Clinical trials are becoming increasingly expensive, time-consuming and complex, prompting sponsors to seek more efficient ways to conduct their business. Risk-based quality management (RBQM) answers this call.
It’s a data-driven approach that accelerates the drug development path without compromising safety—and one that’s enhanced by the use of technologies like artificial intelligence (AI).
AI, ML and Healthcare
Machine learning (ML) uses computer algorithms to achieve AI, i.e. computer learning and mimicking human cognitive skills. ML models are designed to extract knowledge from large data sets and use that knowledge to make predictions about new or unseen data. It is particularly well-suited to tasks that cannot be solved with simple rule-based solutions, meaning it naturally applies to healthcare where solutions rely on complex processes.
As the healthcare sector continues on its path to digital transformation, it is generating massive amounts of data, driving growing interest in health-related machine learning applications.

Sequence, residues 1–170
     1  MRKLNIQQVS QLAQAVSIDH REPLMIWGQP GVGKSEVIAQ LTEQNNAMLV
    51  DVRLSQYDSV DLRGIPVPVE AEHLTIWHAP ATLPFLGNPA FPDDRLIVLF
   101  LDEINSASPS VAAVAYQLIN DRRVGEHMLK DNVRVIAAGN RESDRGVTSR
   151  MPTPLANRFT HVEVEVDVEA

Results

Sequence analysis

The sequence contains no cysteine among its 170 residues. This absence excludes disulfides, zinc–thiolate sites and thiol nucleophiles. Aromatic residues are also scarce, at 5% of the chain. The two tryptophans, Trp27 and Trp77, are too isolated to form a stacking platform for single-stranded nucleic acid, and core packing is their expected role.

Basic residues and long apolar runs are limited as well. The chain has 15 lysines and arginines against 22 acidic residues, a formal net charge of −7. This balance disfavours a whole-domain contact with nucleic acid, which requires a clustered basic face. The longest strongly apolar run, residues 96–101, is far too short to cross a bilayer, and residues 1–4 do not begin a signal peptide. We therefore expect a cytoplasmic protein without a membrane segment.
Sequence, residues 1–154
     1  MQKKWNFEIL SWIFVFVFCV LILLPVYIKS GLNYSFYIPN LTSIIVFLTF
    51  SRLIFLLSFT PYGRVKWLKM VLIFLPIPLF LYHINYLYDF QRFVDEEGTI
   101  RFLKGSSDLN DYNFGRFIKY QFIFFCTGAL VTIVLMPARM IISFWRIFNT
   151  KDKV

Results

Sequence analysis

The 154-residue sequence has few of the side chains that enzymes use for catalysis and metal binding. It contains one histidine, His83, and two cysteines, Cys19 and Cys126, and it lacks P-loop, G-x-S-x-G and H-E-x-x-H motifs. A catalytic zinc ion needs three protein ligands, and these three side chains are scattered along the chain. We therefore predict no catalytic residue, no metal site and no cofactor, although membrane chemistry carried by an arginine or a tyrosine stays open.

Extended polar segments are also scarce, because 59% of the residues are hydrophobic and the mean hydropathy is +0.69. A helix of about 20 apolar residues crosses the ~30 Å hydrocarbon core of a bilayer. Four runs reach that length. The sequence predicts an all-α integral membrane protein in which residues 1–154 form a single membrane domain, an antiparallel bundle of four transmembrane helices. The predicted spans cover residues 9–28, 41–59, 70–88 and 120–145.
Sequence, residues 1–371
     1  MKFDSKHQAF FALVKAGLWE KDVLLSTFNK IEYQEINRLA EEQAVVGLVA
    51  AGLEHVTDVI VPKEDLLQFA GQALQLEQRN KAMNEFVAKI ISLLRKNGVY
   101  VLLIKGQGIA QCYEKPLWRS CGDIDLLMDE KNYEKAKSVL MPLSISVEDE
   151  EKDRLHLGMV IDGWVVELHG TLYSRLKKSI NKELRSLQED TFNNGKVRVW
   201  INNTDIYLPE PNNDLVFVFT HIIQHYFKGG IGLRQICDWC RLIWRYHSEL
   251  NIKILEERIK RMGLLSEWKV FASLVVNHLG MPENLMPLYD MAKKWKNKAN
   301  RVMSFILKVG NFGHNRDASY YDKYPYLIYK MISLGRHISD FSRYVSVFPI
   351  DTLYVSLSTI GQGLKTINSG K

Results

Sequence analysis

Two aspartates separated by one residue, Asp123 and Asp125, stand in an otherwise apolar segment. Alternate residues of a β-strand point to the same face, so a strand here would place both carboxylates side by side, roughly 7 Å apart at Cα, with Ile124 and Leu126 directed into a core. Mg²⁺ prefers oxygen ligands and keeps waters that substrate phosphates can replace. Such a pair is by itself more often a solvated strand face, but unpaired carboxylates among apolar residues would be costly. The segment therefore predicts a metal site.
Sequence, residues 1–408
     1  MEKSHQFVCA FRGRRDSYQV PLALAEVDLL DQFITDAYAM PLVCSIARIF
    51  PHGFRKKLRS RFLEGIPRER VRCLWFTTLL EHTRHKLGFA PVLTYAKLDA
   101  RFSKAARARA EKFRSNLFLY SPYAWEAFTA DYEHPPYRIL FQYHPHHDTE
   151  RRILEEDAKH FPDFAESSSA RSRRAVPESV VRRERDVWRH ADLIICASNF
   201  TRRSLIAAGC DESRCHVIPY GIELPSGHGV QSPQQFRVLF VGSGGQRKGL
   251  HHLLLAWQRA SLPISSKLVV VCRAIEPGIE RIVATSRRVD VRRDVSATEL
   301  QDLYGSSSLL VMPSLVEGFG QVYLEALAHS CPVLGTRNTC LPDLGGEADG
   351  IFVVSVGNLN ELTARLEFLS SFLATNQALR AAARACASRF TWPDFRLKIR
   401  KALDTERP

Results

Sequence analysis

Deep learning, which uses large neural networks to process complex structured and unstructured data, for example, has recently been used to scanning electronic health records to monitor medical devices and to predicts kidney damage. Computer vision, another application of deep learning, is streamlining microbiological testing and breast cancer screening. ML is also being implemented in the clinical trial arena, including in the application of RBQM.
Recommended by ICH E6 (R3), RBQM is a way to identify, visualize, manage and document the risks that could affect the outcome of a clinical trial. Instead of the resource-intensive process of monitoring, recording, and verifying every trial parameter, it allows investigators to follow the most critical safety and efficacy data.
It works by replacing baseline data verification (SDV) with powerful methods to detect risks in clinical trials. Centralized statistical monitoring uses statistical algorithms to highlight atypical data patterns or risk signals in near real-time. It allows sponsors and CROs to identify, investigate and correct problems such as fraud, careless data entry, or problems with study or study equipment before they can affect the integrity of the trial.